Dream big. You might make your wildest one come true.
Sammy Sosa provides living proof.
On Friday night at 5-day-old Great American Ball Park, the kid who once quit school to help support his mother and six siblings by selling oranges and giving what he bragged were "the best shoeshines in the Dominican Republic," officially added his name to a list of baseball greats.
Lining a 1-2 fastball from Cincinnati Reds reliever Scott Sullivan into the right-field bleachers in the seventh inning, Sosa delivered the 500th home run of his career. He celebrated with a leap, not a hop, as he left home plate and proudly circled the bases as the crowd of 29,048 stood and cheered.
The Cubs' icon became the 18th major-leaguer to reach that plateau. More significantly, he is the first Latin American to reach a milestone that long has defined baseball's greatest sluggers.
Sosa's homer was his first this season. It was a moment he had anticipated since falling one home run short of the milestone last year, when he hit only six homers in the Cubs' final 41 games, nine of which he missed after an outfield collision.
"Sometimes I want to cry a little bit because only I know where I came from," Sosa had said as he anticipated the milestone. "Only I know what I've been through."
Who knows where he still might go?
At 34, Sosa became the third-youngest player to hit 500 home runs. He hopes to play at least five or six more seasons. There should be plenty of thunder left in the powerful arms and lower body he has developed since arriving in America as an underfed teenager with bright eyes and a voracious appetite for success.
Barring injury, Sosa seems destined to join Henry Aaron (755), Babe Ruth (714), Willie Mays (660) and Barry Bonds (614) as the only players to hit 600 career homers. Aaron's record may be within reach, even if Sosa says it is incorrect to assume it is a goal.
"I don't say that," Sosa said. "I'm not looking out to do that. If I keep playing 162 games a year every year for the rest of my career, probably I will be pretty close. I don't know."
Regardless how much further Sosa goes, he has assured himself of a spot in the Hall of Fame. Every eligible player who has hit 500 is enshrined at Cooperstown.
Sosa is the only player ever to hit 60 homers in three different seasons. Ruth, Mark McGwire and Sosa are the only players to have four 50-homer seasons. Sosa was poised for a fifth 50-homer performance last year, but finished one short, with his production reduced after missing those nine games with a stiff neck after a collision with second baseman Mark Bellhorn.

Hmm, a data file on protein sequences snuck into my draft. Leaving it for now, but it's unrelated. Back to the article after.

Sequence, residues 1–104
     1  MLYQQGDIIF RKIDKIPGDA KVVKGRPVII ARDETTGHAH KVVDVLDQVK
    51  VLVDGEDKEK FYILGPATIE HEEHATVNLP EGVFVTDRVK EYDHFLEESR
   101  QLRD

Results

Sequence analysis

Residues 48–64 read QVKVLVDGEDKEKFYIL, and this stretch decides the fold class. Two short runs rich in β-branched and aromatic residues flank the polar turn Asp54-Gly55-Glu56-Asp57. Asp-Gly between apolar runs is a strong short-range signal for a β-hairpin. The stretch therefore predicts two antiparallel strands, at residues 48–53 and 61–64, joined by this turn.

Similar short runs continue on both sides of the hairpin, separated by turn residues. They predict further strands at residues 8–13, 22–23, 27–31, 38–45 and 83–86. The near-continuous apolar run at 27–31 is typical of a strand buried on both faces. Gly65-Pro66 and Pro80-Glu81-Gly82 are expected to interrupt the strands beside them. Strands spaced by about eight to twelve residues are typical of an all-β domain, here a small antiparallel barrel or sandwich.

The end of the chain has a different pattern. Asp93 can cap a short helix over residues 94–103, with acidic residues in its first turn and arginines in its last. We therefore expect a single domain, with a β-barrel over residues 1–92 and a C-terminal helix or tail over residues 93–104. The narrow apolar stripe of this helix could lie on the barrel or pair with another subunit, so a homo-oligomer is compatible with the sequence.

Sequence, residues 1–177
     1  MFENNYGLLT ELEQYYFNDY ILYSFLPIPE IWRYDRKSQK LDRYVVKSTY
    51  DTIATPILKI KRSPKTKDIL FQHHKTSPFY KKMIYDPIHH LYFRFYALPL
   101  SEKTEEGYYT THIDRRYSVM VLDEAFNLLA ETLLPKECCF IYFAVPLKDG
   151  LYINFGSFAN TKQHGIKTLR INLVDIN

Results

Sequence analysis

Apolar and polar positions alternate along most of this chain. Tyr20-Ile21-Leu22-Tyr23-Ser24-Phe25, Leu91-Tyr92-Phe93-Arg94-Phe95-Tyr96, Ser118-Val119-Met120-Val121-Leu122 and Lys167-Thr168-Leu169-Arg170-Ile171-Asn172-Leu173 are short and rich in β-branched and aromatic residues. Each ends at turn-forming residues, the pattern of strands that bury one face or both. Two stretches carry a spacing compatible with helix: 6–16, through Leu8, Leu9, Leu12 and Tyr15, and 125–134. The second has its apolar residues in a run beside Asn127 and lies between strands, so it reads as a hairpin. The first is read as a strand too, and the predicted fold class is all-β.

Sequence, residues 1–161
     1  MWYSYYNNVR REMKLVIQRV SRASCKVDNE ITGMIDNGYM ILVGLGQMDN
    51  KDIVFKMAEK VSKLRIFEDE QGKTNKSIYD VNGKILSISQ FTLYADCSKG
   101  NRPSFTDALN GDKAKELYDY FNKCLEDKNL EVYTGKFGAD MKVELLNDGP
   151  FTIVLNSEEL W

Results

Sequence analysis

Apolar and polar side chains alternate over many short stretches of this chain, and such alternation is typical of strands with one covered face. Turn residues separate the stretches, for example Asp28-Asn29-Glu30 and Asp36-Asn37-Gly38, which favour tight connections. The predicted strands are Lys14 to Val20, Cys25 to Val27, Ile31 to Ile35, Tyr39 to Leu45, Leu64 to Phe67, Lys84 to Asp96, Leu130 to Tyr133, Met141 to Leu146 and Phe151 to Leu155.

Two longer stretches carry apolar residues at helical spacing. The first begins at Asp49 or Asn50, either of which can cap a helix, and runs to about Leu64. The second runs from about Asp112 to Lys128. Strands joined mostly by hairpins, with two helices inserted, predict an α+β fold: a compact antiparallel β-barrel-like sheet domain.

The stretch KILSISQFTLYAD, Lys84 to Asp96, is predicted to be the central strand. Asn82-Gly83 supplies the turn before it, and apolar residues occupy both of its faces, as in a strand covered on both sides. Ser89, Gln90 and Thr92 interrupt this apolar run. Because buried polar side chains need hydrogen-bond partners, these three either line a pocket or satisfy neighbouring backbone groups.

No slugger ever has hit as many homers in a five-year period as has Sosa in the run that began with his magical duel with McGwire in 1998. Sosa did what then seemed impossible, hitting 66 homers in a season, but in doing so pushed McGwire to hit 70. That was the record for only three years because Bonds extended it to 73 last season.
While playing in 38 different stadiums and three nations since March 31, 1998, Sosa has batted .306 with 293 homers and 710 RBIs. The only hitters who were more productive this many years in a row, at least in terms of the runs they drove in, were Ruth, Lou Gehrig, Jimmie Foxx and Hack Wilson.
Those stars of the late '20s and early '30s were surrounded by much deeper supporting casts than Sosa, who has only one trip to the playoffs to show for all his heroics.
At the height of his greatness, a five-year stretch beginning in 1927 and ending in '31, Ruth hit 255 homers and drove in 776 runs. But the Sultan of Swat produced those totals in tandem with his partner, Gehrig, who delivered 196 homers and an unrivaled 801 RBIs in that same period.
Constant turnover of teammates has contributed to Sosa often being reduced to sideshow status. In the last five years, no other Cub accounted for more than 75 home runs (Henry Rodriguez) or 262 runs driven in (Mark Grace).
Like Ruth and Gehrig, Sosa has benefited from playing in an era in which hitters have dominated the major leagues. Sluggers have hit the weight room to maximum their performance. Some have used performance-enhancing drugs, including illegal steroids, to increase their bulk.